Flint Mayor Cautions Against Progress Reports Claiming Water Crisis Is Almost Over

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A lead researcher says the Flint water crisis is nearing its end, but Mayor Karen Weaver isn't quite convinced.

The Flint water crisis dealt a devastating blow to the Michigan community that has continuously plagued the city since 2014, but a leading lead exposure expert says things will finally be back to normal sooner than later.

Virginia Tech Professor Marc Edwards has been closely following the Flint water crisis that resulted in residents unknowingly consuming drinking water contaminated with lead for over two years, and he says the quality of the water in the city has "dramatically improved." Speaking at a news conference in Blacksburg, VA earlier this week, Edwards was confident that much better days are ahead for the people of Flint.

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"All of the indicators are that we're heading in the right direction," he said while speaking on his latest research findings. "Things are dramatically better than they were in 2015."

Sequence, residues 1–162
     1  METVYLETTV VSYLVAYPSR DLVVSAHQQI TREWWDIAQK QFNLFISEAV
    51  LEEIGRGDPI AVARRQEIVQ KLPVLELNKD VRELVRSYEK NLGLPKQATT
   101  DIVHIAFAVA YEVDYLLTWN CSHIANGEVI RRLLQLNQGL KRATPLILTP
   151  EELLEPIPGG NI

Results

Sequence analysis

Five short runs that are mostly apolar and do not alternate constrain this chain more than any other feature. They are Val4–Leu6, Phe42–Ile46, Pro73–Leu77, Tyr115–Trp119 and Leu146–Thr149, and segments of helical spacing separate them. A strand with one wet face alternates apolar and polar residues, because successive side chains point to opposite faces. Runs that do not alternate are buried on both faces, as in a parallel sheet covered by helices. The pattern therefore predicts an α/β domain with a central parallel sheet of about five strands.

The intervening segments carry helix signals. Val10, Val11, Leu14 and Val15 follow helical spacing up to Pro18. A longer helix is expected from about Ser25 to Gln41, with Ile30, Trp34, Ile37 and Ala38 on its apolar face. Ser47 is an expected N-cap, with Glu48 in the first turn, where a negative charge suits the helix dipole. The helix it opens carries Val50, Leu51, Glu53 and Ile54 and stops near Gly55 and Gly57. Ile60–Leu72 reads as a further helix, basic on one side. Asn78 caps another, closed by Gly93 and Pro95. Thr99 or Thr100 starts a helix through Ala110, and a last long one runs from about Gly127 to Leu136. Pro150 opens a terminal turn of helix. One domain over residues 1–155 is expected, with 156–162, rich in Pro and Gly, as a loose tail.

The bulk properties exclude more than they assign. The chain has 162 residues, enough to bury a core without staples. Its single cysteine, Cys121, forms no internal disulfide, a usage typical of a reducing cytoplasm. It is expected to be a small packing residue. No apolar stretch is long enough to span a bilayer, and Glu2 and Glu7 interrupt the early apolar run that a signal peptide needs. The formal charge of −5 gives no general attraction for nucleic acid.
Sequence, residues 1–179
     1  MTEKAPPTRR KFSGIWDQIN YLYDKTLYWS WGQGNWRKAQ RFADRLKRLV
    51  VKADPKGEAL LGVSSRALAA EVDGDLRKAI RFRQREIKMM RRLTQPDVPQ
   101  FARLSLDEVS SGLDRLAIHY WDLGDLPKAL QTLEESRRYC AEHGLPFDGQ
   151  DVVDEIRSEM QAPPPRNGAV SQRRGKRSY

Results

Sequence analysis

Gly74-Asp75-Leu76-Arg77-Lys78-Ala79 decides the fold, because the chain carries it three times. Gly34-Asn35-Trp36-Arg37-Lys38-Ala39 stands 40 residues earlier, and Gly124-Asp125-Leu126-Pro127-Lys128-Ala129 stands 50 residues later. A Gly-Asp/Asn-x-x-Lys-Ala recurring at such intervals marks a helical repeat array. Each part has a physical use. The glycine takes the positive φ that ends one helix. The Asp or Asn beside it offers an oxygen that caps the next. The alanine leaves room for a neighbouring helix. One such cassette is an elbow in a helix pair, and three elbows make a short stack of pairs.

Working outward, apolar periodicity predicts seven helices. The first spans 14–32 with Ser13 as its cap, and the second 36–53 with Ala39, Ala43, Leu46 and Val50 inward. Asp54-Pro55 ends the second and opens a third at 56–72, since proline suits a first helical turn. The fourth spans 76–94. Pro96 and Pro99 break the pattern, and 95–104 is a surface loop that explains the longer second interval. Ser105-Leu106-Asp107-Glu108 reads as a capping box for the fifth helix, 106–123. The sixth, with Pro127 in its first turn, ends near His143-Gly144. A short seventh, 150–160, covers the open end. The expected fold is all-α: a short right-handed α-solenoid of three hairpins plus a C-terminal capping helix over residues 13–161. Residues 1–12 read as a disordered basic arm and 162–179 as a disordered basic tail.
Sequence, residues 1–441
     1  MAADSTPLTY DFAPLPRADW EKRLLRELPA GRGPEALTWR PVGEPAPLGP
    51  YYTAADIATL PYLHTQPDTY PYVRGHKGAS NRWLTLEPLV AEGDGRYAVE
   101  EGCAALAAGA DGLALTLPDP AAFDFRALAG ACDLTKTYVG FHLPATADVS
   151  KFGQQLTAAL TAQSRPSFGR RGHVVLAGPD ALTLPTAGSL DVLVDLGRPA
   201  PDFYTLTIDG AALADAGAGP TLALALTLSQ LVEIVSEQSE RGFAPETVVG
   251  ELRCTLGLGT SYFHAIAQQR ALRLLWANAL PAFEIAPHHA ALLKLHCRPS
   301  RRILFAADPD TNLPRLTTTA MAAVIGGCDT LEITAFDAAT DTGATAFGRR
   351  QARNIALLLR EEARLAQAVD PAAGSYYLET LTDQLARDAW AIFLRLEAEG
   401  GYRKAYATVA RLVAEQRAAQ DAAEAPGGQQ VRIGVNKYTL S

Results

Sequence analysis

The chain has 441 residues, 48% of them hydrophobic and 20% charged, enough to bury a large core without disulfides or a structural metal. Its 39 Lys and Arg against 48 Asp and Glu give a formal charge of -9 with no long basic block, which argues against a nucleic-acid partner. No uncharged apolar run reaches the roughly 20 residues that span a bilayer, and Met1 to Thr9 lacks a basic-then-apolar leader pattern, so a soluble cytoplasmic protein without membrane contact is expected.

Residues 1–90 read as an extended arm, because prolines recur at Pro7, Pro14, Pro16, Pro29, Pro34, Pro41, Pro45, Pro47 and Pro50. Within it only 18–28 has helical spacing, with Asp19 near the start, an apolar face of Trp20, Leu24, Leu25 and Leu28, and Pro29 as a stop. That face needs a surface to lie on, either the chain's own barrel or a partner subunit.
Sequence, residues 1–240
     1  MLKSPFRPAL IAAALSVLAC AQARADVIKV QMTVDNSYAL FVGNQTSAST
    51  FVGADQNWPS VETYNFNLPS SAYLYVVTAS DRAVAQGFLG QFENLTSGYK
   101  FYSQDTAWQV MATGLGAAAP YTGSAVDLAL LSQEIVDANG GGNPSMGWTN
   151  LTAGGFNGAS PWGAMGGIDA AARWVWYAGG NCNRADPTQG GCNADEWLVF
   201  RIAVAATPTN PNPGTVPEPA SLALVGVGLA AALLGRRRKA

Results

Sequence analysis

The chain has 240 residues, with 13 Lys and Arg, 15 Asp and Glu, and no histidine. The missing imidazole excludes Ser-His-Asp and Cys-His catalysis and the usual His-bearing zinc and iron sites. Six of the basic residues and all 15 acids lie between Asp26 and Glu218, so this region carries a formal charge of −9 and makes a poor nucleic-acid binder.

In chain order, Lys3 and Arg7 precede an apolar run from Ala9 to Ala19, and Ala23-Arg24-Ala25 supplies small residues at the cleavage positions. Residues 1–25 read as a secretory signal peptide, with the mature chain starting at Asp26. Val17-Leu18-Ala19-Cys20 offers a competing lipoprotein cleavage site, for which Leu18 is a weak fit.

Edwards also mentioned that filtered water in Flint is now believed to be as good as, if not better than, bottled water.

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However, despite Edwards' optimistic outlook, the expected timeline for the city to fully recover is not likely to excite long-suffering residents. In addition to Edwards cautioning that the recovery speed will depend heavily on new infrastructure investments and close monitoring on the part of state and federal government officials, visibility of "drastic" improvements are expected to take anywhere between six months and one year. 

According to the Detroit Free Press, Flint Mayor Karen Weaver acknowledged that things are improving but cautioned against feeding too much into the progress reports and emphasized several points made by Edwards about the work that still needs to be done to ensure that the water is safe for Flint residents to drink.

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"While science seems to show things are improving, Edwards stressed that the current quality of the water in Flint still isn’t good enough and it is not safe to drink," Weaver said in a statement on Thursday. "It’s important for residents to keep using the filters and bottled water being provided at water resource sites located around the city." 

Mayor Weaver later added that none of the "progress reports" thus far have given a clear timeline for when Flint residents will be able to safely drink tap water again.

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